Answers - David Spiegel First of all, make sure that what is going on is not just a misunderstanding. There are some families who just focus on their own needs more than the person who has cancer, and view the cancer as a nuisance that interferes with clean laundry and meals. The only way to set limits with others is to get your own limits. Things have changed and that's the way it is. Just be clear about it and don't feel guilty.
Marisa Weiss, M.D. It is very important for kids to fold their own laundry and figure out how to take care of themselves, and your illness may be a jolt in that direction.
David Spiegel I think the other thing is giving them the benefit of the doubt. Maybe they don't know what to do. Sit down and talk to them and tell them that cancer affects everyone, and tell them that you would appreciate their help. Become a good manager if you can't be a good doer anymore.

More depressed at end of treatment normal?

Question from job: Is it normal to become more depressed as you approach the end of your treatment. I feel much more afraid at this point.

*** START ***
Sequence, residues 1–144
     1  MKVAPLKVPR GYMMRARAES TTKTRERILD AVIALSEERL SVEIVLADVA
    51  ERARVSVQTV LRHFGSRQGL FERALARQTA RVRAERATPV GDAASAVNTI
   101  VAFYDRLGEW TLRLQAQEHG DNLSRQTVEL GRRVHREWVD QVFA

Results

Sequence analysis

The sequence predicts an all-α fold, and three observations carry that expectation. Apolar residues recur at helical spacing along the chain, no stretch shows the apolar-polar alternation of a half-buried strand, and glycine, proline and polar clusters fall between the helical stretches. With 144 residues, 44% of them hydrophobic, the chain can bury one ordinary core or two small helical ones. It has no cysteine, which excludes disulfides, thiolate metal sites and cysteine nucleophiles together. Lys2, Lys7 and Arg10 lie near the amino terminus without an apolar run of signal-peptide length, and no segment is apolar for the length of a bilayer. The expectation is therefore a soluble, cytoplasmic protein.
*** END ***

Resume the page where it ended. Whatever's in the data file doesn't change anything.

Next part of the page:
Answers - David Spiegel Surprisingly, it is. The worst time is when you are told you have cancer, but the second worst is when active treatment ends. One of my patients found herself walking around in tears at the end of therapy. You feel more vulnerable when you are no longer doing anything active to fight the disease. You are sitting around waiting to see if it comes back. You are also no longer surrounded by other cancer patients, techs, nurses and doctors who understand what it is like to go through it. You are thrust back in the normal world and feel kind of isolated.
Marisa Weiss, M.D. www.breastcancer.org offers a lot of information about how to move on after your treatment is over.

Helplessness for family member overwhelming?

Question from janey: I found it really difficult to be watching a family member with the disease. It is such an awful sense of helplessness. I know all I can do is be there for them, listen, help around the house, etc. I just wish there was more I could do.
Answers - David Spiegel Yes there is a sense of helplessness but there might be more you can do--just ask them. Let them know how much you care about them and that you feel it when they are suffering. Sharing those feelings is doing something. Talking is an intervention.